I'd love to know what has been updated on the site including new technologies (voice activated paging, and other handy tools of the trade that have come out in the past year); also interesting, would be the propensity for the site to allow med school students access.

Chemistry tests online gave me some decent reference test questions. In reviewing the questions, it helped to understand what types of questions are asked, what might I expect to see myself on paper exams, and additionally, what types of resources are out there for those times when the TA or professor is not readily handy.

Monday, November 3, 2008

Med Links

As promised, here are links found:

Older Pre Meds

Medical Magazine Subscriptions - One Place

Clearing For Med School Applications

Listing of all med schools accredited in US and Canada
(does not include Caribbean schools)

After reviewing the list of each state's medical schools, I selected seven of them (three are shown), printed out their specific pre-med guidelines, mapped those requirements into an Excel spreadsheet with the first column containing the courses, and the top row containing the school names. This allows me to double check that classes I take now, will be potentially agreeable to the other schools I app, and if there is a disparate course, I know I'm only taking it for one specific school.



Biology 4 4 4

Chemistry 8 8 8

Genetics 4

4 4



Biochemistry 3 3

Organic Chemistry 8 8 8

Physics 8 8 8

Cell & Molecular Biololgy


Saturday, November 1, 2008

Step One - Breathe

Some 39 years ago I remember playing house down the street with my friends, I was five. While my friends played mom and sister, with my little red bucket of bandages and tape, I played doctor and dreams were born.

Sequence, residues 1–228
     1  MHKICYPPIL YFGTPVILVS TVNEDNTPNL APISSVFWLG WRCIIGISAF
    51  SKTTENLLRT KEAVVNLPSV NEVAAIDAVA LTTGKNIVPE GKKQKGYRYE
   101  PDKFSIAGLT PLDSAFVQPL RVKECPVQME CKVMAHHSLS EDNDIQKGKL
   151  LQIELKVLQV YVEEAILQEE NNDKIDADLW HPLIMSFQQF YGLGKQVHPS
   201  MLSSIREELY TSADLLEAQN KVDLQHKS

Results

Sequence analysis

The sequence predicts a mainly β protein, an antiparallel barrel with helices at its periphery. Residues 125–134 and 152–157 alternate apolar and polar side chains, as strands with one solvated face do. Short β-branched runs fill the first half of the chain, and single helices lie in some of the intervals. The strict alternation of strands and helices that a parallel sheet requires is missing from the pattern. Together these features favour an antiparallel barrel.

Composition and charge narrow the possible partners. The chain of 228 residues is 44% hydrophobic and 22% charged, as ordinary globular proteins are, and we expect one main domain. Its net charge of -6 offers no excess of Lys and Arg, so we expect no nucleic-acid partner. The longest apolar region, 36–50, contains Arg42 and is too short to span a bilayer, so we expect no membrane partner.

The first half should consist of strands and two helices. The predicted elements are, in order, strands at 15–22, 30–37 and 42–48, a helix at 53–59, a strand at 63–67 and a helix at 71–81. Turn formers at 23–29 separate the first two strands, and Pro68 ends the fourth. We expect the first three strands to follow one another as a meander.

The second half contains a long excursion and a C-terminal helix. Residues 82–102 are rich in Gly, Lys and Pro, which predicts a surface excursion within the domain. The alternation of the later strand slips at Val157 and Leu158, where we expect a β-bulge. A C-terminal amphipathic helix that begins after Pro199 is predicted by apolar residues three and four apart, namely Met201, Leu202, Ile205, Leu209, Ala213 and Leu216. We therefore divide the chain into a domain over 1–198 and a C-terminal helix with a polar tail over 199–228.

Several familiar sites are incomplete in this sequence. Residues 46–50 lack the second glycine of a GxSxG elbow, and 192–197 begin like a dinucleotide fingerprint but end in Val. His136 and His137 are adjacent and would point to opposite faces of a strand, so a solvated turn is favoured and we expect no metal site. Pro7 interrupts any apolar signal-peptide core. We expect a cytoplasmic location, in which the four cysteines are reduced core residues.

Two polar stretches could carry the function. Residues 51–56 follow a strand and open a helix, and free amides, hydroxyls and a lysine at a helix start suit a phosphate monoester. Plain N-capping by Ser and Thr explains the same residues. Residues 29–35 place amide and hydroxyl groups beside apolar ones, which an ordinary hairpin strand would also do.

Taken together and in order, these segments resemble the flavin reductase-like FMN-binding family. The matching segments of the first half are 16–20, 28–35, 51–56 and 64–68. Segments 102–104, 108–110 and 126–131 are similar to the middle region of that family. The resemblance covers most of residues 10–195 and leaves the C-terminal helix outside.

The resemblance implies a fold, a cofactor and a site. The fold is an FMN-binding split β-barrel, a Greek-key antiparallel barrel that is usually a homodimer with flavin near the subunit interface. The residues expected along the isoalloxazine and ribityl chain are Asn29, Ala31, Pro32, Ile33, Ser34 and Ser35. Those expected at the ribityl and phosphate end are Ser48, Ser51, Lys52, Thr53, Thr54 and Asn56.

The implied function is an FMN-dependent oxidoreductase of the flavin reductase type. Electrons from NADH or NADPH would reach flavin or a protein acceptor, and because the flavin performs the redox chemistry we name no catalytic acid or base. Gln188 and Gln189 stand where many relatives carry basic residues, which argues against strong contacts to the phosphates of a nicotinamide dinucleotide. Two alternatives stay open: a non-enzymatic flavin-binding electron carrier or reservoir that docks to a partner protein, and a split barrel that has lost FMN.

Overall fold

Sometime in the beginning of the 4th grade my teacher told me I was not a problem child but bored and then put me on a schedule to get me energized and tracked. I finished 4th grade math and science sometime around Dec. My teacher, Garry Ranthum, was diagnosed around the same time with leukemia. Curiosity getting the better of me, I started doing research on that word at the local library. I was still only 10 years old but I was hungry for more info.

Garry did great things for all of his students gifted or not, mediocre or over-achievers. I ran into old classmates of mine in the 80's and all of us thought we should have a reunion to honor him. For sadly, as we were then beginning 7th grade, he passed away.

All of my papers throughout elementary, junior and senior high revolved around oncology. I became a medical explorer in Bismarck, ND, watched childbirth, rode in ambulances, and "knew" I was headed to medical school in the future.

In 1982 I started my undergraduate work some 500 miles away from my parents. Newly minted with the stamp called "Freedom" I lived the life of the "Animal House" party girl. Med school became a distant reality for me. The hunger to become a doc was still there, the drive was not.

Mid-1993 and one of the most honorable people I've ever had the pleasure and good fortune to know, Dr Robert Heller, told me he had this "thing" in his throat but I was not to worry. He was sure it would go away, he was sure it was nothing. I'm not sure how long he lived between that and his passing. Oncology a word that I researched and hated risen up from the past to hit me again.

Through the next 15 years I've meandered in and out of wondering, "Could I" and, "What if I tried" to "What am I thinking?"

So here is my first post on a blog about trying at the age of 44 to get pre-reqs done, show that I'm capable of getting the grades I need, and hopefully, an acceptance letter for matriculation in 2011. Along the way I'll link other forums, things I find, and post my thoughts. Wandering around the University of Minnesota campus today I remembered why I love school - and then I had to remember:

Step One, breathe!